© Copyright 1995-2017, Clay Irving <firstname.lastname@example.org>, Manhattan Beach, CA USA
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Recipe from: Samart Srijumnong
|Folks in the northeastern areas may call it som tam thai to distinguish it from the som tam in which pla ra is an ingredient. Central Thai som tam often has dried shrimps and peanuts. som tam isaan or sometimes known as som tam laaw may not need shrimps and definitely no peanuts. Isaan som tam (northern style) tastes more sour and salty while the Thai som tam more sweet. Both should be hot.|
The picture to the left is Som Tam at a restaurant in Thailand. This version was incredibly hot and spicy! It is made with julienne strips of green papaya, prik ki nu (fiery Thai chiles), kratieum (garlic), raw crab, prik chi fa daeng (Thail jalapeño chiles), nam pla (fish sauce), long beans, Nam Manao (lime juice), and ma kua teet (tomato).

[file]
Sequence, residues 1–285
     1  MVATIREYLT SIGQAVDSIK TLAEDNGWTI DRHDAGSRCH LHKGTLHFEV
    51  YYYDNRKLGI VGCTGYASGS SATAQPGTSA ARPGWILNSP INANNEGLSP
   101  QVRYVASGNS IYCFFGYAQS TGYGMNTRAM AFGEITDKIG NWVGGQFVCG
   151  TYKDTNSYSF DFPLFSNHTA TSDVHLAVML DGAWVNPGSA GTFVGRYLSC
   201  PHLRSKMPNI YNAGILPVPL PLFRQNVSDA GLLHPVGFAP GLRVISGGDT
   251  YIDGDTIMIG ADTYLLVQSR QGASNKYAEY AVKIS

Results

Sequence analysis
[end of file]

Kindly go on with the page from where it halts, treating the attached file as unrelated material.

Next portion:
About 2 cups shredded green papaya
2 tablespoon fish sauce
1 ½ tablespoon palm sugar, if not available can substitute it with regular sugar
3 tablespoon lime juice
½ cups tomato, wedged
⅓ cup dried shrimp
¼ cup peanuts
10 green chilli
5 cloves garlic
Use motar and prestle to crush the chilli and garlic, add shrimps, continue crushing, add sugar, continue beating with the prestle, add the papaya, beat, beat, beat, add fish sauce, beat, beat, add lime juice, still beat, beat, beat, add tomato, beat, beat, beat, add peanuts, beat, beat,,... you may need to add either sugar, fish sauce, or lime. The final taste on the balance between sweet, (pepper) hot, salty, and sour. Serve with vegetables (cabbage, sting bean, napa,..) Many northern or northeastern Thais like to eat it with sticky rice.